Saying good-bye to my congregation
It was mid-September, just a few days after the congregation had received my letter letting them know I’d be leaving my position as pastor at the end of December. I’d served the congregation for 24 years. I wasn’t worn out or burnt out, but I felt called to discover the next chapter of my life and ministry. I felt like I did my senior year of high school: that I’d completed my story here and was excited—and terrified—to discover the new story that was beckoning me.
I met for coffee with Sharon, a church member who had known me a long time, and shared with her how I’d made my decision to leave and what I hoped might come next. Before I could run off to my next appointment, she said, “It sounds like you want to spend this fall worrying about what you’re going to do next year. But I have another thought. What if instead you were present here this fall with us? I mean, what if you were present with your grief and the work of letting go? That would be the best preparation for you and for us for whatever comes next. In January you’ll know what you need to do.”
I sat back in my chair. I told her that her advice sounded like the gospel. I always know it’s a gospel word when my first reaction is “I don’t like this,” my second “I don’t want to do this,” and my third “This is so true and exactly what I need to believe and do.” I wondered if I had enough faith to do it.
As a pastor I’d supported many parishioners in their times of grief, but I hadn’t always been attentive to my own. I hadn’t always done the endings in my own life as well as I wanted. I needed someone to show me how to be present in this time.
And then I thought about Roger. Several years earlier Roger was told that he had but a few months to live. He’d lived a long and rich life, but he had one more thing he wanted to do: he wanted to use his last months for saying good-bye well. Propped in his living room chair with a view of the birds fluttering at the feeder and a cherry tree blooming in pink petals, he invited his family and friends in for conversations of thank you, forgiveness, love, and good-bye.
Roger had asked me to sit with him for one of those conversations. He shared that he felt bad about something that he said or didn’t say to me years ago. I saw how the sharing left him released and free. I felt a deeper connection between us now that something had been cleared away. Roger gave me the model I was looking for.
For the next months, I cleared some days on my calendar each week to make room for conversations of thank you, forgiveness, love, and good-bye. I scheduled final gatherings with the groups at church I worked with for similar conversations. It was a time for us to have the conversations we’d been postponing—about where we had been hurt, and where we were hurting, and where we needed God’s grace.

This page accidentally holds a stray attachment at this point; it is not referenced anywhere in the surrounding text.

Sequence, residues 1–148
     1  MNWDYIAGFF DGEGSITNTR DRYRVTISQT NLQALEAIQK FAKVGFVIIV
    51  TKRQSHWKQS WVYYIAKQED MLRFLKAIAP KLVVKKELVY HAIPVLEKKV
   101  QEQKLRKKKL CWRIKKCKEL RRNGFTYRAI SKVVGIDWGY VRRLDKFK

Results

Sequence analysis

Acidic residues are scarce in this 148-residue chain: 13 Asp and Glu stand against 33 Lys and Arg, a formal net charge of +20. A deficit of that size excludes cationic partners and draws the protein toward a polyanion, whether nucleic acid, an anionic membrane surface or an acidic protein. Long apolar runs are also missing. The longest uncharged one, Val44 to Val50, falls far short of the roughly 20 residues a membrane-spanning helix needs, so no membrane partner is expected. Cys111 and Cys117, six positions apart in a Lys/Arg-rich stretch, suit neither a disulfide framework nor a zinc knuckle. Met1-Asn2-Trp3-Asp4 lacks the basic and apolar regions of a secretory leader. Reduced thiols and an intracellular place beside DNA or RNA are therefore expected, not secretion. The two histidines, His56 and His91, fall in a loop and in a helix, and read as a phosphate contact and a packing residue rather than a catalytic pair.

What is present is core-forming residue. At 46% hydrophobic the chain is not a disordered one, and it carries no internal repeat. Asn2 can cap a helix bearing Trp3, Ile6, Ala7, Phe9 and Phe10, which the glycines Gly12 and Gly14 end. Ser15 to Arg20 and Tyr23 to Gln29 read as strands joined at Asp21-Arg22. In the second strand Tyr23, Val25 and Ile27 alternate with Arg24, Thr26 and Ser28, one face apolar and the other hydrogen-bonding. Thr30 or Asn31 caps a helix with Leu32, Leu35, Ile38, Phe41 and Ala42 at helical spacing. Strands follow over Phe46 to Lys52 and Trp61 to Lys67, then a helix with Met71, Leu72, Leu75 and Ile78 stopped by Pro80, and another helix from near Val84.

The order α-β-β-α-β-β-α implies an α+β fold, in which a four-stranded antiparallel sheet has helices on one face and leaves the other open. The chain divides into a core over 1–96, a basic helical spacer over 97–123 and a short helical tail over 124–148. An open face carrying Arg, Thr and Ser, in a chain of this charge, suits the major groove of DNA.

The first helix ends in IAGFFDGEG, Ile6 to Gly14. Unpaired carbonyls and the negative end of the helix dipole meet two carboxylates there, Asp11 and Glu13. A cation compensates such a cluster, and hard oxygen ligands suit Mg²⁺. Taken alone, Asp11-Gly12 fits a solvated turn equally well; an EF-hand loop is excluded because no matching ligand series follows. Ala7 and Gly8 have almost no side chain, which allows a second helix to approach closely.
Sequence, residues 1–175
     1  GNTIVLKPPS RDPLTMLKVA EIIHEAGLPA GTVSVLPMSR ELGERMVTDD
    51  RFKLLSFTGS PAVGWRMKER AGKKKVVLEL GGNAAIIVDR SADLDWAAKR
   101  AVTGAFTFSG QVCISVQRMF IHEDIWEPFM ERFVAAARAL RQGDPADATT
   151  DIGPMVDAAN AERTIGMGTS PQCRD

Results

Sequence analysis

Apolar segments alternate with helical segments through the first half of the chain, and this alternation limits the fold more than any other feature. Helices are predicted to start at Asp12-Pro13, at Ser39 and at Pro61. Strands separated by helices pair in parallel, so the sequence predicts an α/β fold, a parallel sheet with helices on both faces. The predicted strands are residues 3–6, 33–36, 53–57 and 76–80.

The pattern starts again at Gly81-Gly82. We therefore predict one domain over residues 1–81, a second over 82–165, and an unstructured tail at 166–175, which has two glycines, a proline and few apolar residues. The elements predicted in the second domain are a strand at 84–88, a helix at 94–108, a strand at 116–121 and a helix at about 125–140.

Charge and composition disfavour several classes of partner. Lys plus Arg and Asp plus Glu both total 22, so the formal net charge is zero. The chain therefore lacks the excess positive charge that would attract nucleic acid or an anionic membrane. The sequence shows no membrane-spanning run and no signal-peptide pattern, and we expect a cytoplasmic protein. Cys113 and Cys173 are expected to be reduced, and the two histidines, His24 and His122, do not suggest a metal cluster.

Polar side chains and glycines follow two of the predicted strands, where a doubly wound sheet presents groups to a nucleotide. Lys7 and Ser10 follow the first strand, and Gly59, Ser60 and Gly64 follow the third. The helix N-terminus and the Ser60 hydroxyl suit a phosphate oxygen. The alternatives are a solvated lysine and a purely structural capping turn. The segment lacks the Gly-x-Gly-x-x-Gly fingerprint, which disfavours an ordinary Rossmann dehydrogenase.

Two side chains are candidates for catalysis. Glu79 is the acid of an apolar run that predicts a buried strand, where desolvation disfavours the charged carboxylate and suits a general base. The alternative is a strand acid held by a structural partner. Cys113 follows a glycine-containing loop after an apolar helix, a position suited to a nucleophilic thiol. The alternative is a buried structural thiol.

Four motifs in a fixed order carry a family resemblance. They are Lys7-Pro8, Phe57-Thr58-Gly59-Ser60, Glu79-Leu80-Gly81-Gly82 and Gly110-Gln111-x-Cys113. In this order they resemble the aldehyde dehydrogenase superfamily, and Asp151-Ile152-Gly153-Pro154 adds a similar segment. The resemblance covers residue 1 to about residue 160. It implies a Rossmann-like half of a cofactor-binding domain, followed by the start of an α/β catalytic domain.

These sessions were a chance to reflect on the difference we’ve made in each other’s lives. I was struck by how the gifts we pass on are not only the ones we are intentional about, like a sermon, but are in the way we walk through our days.
I met with one woman who years earlier had asked for her granddaughter to be baptized. We said no at the time because we had a rule requiring the child’s parents to be members. The church’s rules had changed over the years, but the hurt still remained decades later. An ending opened the opportunity for acknowledgment of the hurt, an offering of apology, and a commitment to continue to grow and change.
Just as important as the sharing of individual stories was making room for grace myself. I’d been a highly successful “fixer” in my ministry and always had one more trick to try, one more tweak to offer in order to bring about a solution. But as I neared the conclusion of my ministry in that place, something new was required. I was forced to let things be, without attempting a fix.
I needed to learn to be present with things as they were, not as they were supposed to be or as I wanted them to be. I learned that completion is not in a final flurry of fixing; grace provides the completion that is needed. I knew more than ever before how much I needed God’s grace to hold me and the congregation.
On the final Sunday, I asked the members of the congregation for their forgiveness, and they asked me for theirs. Something had happened in the past months of conversations that made these words real. I walked down the center aisle, tearful, and with my heart full. It was in some ways a messy ending, as endings perhaps always are. But it was a good ending.
A version of this article appears in the print edition under the title “Finishing well.”